When I first decided to publish my writing, about four years before I completed anything remotely worthy of submission, I had the opportunity to submit a writing sample to Robert Sawyer. Mr. Sawyer, a prominent Canadian Science fiction writer, had agreed to be writer in residence at the Merrill Sci-Fi library. As part of his duties, he offered a manuscript workshop for sample chapters. I was fortunate enough to make the list of people who had their "Chapter One" read by Sawyer and attend a short one-on-one with him to discuss the piece's strengths and many weaknesses. After a warning of hamstringing any potential success by not sufficiently proofreading my work, Mr. Sawyer stepped back and became a bit more philosophical. One element that stood out (other than the importance of proper grammar) was that good writing requires a hook right at the beginning—engaging the reader by throwing them into the middle of the action. This thought was explained further in his essay on writing exciting beginnings, which states that the reader's decision to complete a novel/short story/essay is determined by whether the first few sentences grab them; back story being a matter for later chapters. Think of the image of a bookstore shopper flipping through books, looking for a reason to buy. If Chapter one is not enticing, then the book goes back on the shelf and some craftier writer's tome is taken to the cash register. (I believe Stephen King has also made a similar comment)
On further consideration, this piece of his advice didn't ring true to me. I'm a plodder when it comes to reading— more a hiker than a highway driver, preferring to slowly make my way through the woods to various checkpoints, rather than zipping from viewpoint to viewpoint down a highway, only lingering at stops that draw me in. While highway drivers makes snap judgments as to whether a stop has enough for them (entertainment, beauty, etc.), hikers have ample time to consider their pace as they follow a trail. Both accept they will see a lot of substandard scenery (if there is such a thing), yet to the hiker that's part of the experience, while to the highway driver it's an annoying fact of life.
The result of my plotting is to have read some rather "boring" books, or "late bloomers" that didn't pick up until a halfway through the second volume. I must confess these experiences are personal badges of honor—a claim to have beaten "unreadable" books. I still remember toiling through Voltaire's Bastards by John Ralston Saul over one summer and the satisfaction I felt at my university friend's amazed look as I gave the borrowed book back. I admit only parts of Saul's arguments are still with me, an academic fog of philosophy and history. The experience was similar when I read The Brief History of Time by Stephen Hawkings, yet I believe I'm better for having finishing these volumes, even if they are only flotsam and jetsam in the ocean of my mind.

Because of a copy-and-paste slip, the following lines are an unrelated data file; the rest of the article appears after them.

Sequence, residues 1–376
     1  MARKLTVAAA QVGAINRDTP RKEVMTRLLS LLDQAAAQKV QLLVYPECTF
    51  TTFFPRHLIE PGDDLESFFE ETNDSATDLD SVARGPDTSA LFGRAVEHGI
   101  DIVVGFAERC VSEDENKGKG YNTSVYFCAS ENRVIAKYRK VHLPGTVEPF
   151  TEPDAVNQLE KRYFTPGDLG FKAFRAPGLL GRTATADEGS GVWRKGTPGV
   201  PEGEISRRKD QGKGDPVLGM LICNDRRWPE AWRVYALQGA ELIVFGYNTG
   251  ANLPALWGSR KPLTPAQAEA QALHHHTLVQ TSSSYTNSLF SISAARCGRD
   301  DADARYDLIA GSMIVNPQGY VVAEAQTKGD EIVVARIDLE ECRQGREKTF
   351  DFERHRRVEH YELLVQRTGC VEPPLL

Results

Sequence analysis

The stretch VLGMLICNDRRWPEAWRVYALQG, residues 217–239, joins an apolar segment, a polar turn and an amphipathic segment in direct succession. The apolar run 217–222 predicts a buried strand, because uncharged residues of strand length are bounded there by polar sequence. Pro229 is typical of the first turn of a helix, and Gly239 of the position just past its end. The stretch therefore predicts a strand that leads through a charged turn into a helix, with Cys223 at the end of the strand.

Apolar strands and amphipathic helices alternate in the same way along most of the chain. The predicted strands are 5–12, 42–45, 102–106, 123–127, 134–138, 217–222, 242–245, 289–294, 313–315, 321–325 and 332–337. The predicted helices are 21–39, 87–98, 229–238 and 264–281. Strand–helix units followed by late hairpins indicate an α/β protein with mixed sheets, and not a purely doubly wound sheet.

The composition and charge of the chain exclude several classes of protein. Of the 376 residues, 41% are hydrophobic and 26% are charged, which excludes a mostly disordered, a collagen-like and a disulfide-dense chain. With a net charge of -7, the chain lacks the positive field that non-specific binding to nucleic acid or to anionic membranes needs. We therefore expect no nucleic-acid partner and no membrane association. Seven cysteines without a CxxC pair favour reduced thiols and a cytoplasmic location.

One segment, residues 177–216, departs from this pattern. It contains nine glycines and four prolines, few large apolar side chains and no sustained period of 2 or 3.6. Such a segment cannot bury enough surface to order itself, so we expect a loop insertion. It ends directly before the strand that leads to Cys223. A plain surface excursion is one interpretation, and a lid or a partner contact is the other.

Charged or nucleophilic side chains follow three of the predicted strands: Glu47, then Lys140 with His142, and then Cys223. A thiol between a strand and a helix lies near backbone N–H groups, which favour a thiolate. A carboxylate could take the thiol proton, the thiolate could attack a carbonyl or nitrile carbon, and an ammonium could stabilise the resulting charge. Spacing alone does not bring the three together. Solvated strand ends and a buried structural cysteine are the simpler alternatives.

Although I feel completely comfortable plodding along in my reading, I have reservations applying this method to writing. Unsure whether one can write anyway they want (assuming solid grammar) and that publishing reality is largely a matter of taste. Dan Brown 's Da Vinci Code and Michael Crichton's Timeline are more waterfall tourist traps—a large parking lot, playground, ice cream stand—than the long winding trail through the Purple Valley on a clear, crisp day that Potocki's The Manuscript Found in Saragossa,
Black's FDR, or Calvino's If on a Winter's Night a Traveler are. They're both valid places and it's the traveler that chooses the one that fits their needs. The mentality "that anything goes" (de gustibus non est disputandum) sounds Long Tail and wonderful, but I'm only slightly relativist and the Absolutist in me doubts that there's no value system that exists to compare the two types of reading.—with the underlying assumption being one must be superior to the other. All of this harks back to my great fear that I'm seeing what I want to see rather than what is actually there (eluded to often in the Sherlock Holmes mythos—more concretely in Michael Chabon's "Final Solution" or the "Seven percent solution"—and large volumes of religious/political debate material).
I have often been paralyzed by the whole dilemma, leading to many scenarios of no roads taken (to twist a Frost). Two items in recent history have pulled me out of this self-made crisis. The first is a loving partner who believes in small practical steps towards a goal; which doesn't lend to the philosophizing of writing or grand thinking when the writing isn't getting done—or to properly worry about the state of the market, one requires having a stake in the market to worry about. The second is an essay by Clive James discussing the hierarchy of trash and quality; two separate triangles that share the same base. It doesn't matter which triangle you're on as long as you move upwards—it's not that what you write (trash or art) but that you write well (high trash or high art). The key to well writing finding its proper home is for it to be finished, which I have come to realize is more important than getting started.
The Chapter one that Robert Sawyer reviewed stills lives in an electronic file folder on my computer, the annotated hard copy lost during a move or spring cleaning. I corrected the grammar to the best of my abilities and I think of the story often; more recently with thoughts of how to complete the piece that debating how to correct chapter one. Many years later, I've come to realize that it's not chapter one that is important but rather the final one. It doesn't matter whether you start in the middle, it's more important that you finish.